A bright light went out one year ago today. In an effort to restore a touch of that light back into the world, we lit a candle to honor my Dad, who my kids call “Papa.” We said a few words about the things we love most about him. Here’s what my six-year-old and nine-year-old daughters had to say:
- “I love Papa’s smile and his laughter.”
- “I love the way he always took us to 7-11 for Slurpies every time we asked.”
- “I loved tackling him.”
- “I love that he was always so patient with me.”
You may have noticed that I slacked off on my blogging quite a bit this past year. After my grandiose resolutions of writing more in 2012, I’d like to be able to say it was because I was working on my novel and other projects. Unfortunately, that’s not the case. Life slapped me upside the head with some unexpected turns. After moving in with us, my father’s health rapidly declined, and he passed away in February 2012. I had a difficult time harnessing my time productively or feeling creative for a while after that.
In November, I flew to Guam with my husband, two daughters, brother, and cousin. We memorialized my father and aunt on the island where they were born, spent time with relatives, and connected with our cultural roots. On the way home, we spent a few days in Tokyo and Narita, Japan. Overall, it was a restorative excursion that helped provide both a much-needed escape as well as some peace and closure.
Though it felt like last year passed in a blur of emotional highs and lows, I feel as if I am now free to begin this year fresh. I hope to spend more time writing, traveling, and appreciating life.
As you may have noticed, I made the decision to take the summer off. My kids started school today (first and fourth grade), and I’m planning to use the time to get back to writing. I’d like to devote time each day they’re at school towards some form of working on my craft. If I can effectively carve out time to work on my fiction, write a newspaper or magazine article, take on another nonfiction book, write a book review, do some editing, or create a blog post, then hopefully by the end of the year I’ll have established a routine where writing is an integral part of every week.
My father passed away a few months ago, and I didn’t realize how hard that would make it to get through today. I’m so angry about his being stolen from us, not by the cancer he fought (which was gone) but rather by the chemotherapy “cure” that damaged his lungs.
He was living with us this past year, and I grew to appreciate him in new ways during that time. He had mellowed out over the years, sloughing off many of his negative qualities and nurturing so many of his good ones, like his indomitable spirit, his devoted love of his grandchildren, his culinary skills, and his sunny optimism. We were lucky to have spent the time we had with him, and he is very greatly missed.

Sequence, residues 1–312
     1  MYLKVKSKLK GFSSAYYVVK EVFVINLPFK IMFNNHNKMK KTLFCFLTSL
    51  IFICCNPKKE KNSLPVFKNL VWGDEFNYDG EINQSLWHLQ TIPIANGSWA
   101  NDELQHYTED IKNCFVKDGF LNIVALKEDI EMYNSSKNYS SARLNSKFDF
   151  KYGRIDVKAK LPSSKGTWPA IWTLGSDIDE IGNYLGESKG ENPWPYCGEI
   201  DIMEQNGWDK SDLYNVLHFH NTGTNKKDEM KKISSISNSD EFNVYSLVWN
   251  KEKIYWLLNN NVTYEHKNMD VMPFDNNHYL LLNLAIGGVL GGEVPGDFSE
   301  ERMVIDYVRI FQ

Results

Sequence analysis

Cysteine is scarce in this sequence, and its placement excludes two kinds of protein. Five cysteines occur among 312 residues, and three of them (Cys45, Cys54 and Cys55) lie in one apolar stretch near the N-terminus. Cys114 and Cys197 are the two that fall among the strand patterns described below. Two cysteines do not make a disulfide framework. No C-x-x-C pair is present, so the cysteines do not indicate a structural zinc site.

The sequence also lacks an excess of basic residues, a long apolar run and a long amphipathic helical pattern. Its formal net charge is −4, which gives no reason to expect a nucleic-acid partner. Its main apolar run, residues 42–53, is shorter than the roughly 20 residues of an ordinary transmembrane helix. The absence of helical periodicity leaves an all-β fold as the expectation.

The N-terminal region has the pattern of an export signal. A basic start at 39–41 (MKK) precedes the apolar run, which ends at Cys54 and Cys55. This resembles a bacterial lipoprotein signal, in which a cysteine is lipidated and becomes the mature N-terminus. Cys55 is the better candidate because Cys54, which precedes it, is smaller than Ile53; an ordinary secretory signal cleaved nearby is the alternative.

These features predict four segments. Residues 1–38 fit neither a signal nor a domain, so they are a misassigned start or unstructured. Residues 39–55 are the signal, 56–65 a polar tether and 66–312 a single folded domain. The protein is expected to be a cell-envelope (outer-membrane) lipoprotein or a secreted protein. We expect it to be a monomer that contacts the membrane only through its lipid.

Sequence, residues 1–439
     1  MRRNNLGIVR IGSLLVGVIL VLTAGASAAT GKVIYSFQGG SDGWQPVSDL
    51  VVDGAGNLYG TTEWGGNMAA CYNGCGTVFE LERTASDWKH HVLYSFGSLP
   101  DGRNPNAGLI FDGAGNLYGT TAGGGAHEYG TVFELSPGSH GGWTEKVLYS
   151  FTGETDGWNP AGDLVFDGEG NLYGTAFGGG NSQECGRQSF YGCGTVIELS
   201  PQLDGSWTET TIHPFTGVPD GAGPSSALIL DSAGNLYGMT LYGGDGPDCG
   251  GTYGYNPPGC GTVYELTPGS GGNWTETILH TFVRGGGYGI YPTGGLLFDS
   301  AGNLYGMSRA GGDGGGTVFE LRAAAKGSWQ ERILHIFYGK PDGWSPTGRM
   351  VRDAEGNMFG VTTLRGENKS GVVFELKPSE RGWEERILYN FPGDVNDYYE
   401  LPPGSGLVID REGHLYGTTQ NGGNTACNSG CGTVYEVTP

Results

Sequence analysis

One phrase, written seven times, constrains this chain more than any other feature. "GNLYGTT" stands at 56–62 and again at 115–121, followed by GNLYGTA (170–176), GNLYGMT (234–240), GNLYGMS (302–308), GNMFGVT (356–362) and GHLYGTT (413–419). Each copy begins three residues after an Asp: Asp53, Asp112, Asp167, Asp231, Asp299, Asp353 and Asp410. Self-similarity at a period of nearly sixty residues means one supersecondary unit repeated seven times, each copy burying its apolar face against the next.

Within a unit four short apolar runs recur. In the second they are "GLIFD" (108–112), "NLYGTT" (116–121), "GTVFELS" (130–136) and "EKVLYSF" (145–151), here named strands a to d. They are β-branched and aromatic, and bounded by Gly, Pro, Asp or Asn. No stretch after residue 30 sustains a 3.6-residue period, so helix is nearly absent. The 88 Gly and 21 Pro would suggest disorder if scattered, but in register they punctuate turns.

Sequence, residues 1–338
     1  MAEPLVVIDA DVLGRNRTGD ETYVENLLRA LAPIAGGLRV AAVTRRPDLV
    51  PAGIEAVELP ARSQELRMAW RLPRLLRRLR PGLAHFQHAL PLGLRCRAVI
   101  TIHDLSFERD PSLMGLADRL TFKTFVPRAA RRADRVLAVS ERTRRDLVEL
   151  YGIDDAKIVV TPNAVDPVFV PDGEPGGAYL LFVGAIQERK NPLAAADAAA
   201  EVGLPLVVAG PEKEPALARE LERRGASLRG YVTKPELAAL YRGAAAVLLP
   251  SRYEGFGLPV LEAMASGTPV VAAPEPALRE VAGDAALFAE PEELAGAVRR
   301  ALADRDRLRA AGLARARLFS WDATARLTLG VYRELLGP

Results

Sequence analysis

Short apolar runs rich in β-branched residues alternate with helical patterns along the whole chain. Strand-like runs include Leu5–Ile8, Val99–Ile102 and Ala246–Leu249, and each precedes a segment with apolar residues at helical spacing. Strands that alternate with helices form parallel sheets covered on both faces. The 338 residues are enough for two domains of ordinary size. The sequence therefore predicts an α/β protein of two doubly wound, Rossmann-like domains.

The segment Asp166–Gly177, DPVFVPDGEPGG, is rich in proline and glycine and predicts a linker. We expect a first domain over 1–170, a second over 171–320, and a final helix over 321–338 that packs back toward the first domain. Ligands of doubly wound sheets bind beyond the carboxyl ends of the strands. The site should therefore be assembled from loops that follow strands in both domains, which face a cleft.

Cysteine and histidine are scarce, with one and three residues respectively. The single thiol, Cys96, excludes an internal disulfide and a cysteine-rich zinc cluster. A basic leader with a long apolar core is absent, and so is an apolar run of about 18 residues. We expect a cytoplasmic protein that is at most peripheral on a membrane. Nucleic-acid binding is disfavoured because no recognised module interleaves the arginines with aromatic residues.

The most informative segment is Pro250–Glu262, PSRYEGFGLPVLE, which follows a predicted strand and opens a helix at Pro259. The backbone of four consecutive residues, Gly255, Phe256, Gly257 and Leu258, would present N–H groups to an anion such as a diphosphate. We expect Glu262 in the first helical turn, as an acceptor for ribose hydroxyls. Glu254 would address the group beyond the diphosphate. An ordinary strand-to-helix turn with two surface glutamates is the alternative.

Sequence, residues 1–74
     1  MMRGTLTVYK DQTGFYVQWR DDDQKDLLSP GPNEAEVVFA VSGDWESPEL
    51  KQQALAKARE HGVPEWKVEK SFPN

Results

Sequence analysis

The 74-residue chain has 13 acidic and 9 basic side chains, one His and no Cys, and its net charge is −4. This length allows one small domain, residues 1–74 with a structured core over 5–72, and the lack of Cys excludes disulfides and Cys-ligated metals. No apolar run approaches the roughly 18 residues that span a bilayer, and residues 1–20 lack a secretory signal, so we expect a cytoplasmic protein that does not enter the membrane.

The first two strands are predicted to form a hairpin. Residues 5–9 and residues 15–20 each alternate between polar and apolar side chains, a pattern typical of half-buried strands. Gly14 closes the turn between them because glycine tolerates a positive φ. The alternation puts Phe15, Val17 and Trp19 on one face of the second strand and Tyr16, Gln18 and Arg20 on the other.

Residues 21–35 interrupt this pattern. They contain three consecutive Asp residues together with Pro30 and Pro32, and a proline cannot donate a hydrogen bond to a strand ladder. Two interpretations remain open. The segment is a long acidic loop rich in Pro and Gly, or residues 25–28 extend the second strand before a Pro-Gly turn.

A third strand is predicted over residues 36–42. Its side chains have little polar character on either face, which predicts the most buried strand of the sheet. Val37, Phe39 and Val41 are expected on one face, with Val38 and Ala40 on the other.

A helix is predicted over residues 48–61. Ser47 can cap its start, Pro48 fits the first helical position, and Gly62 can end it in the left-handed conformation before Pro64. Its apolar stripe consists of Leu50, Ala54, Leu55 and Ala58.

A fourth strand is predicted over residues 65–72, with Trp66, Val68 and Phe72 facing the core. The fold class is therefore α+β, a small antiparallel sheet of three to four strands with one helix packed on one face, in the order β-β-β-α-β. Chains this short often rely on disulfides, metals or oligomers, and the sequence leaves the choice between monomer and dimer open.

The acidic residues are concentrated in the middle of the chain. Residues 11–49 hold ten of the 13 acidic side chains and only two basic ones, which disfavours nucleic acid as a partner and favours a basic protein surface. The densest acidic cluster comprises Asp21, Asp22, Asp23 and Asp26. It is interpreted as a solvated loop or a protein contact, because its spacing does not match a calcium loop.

One of the last sentences he uttered when he woke up in a hospital bed surrounded by his family and loved ones was “Thank you so much for this beautiful picture.”
Perhaps my last post (and the assumption that the lightning storm of tragedy was coming to a close) was a bit premature.
My friend Brian Murphy recently passed away. His light, his humor, and his innate ability to make every situation vibrant will be greatly missed.
I didn’t mean to tune out this past month, but let’s just say that life has been even crazier than usual lately. I won’t bore you with the personal details, but suffice it to say, I have every intention of getting back to blogging… SOON!
And it’s about damn time! The power went out during a very brief storm at 7:30am on Monday morning, and it only took ComEd until 9:30pm on Friday night to get the power back up. Way to go ComEd!
In the interim, ComEd texted me on two separate days informing me that the power had been restored, while I was still sitting there in the dark. Apparently, they didn’t know what the hell was going on. Each time I called their automated update line, I’d get a message saying that power would be restored later that day or that night. For five days, they just kept creeping the estimate back by about five hours at a time.
If I had any idea that we would’ve been spending the entire week without power (and as a result without water or gas), I would have packed up our stuff and moved in with friends. Unfortunately, I was given the false impression that power should be restored shortly, on each consecutive miserable day.
I’ve spent today catching up on laundry, doing dishes, opening the freezer, and flushing the toilets as often as I please. Oh, happy day!
You’d think with all the snow we’re getting, I’d be blogging more, not less. At this rate, I’m going to have to change the title of this blog to “Damian Weekly.” Despite being snowed in much of the time, I find myself too fatigued to get much writing done, as if my mind and body are settling in for winter hibernation.
We were hit with a big blizzard last week, and of course, my husband was out of town. My daughters got two snow days off in a row from school, which is almost unheard of here. We didn’t play in the snow much because it was so cold and because it was over their heads in many places. I geared up twice, however, to dig out the heating vents on the outside of the house, so that my heater would work and not poison us all with carbon monoxide. The vents are about three feet from the ground, so that gives you an idea of how much snow we have.
At the beginning of each winter, I look forward to the first picturesque snowfall. I relish sitting by the fire with a cup of tea and reading a good book. This winter though, I’m screaming, “Enough already!” We’ve been getting a few more inches every few days. If it doesn’t stop soon, I’m going to seriously consider moving back to California or Florida.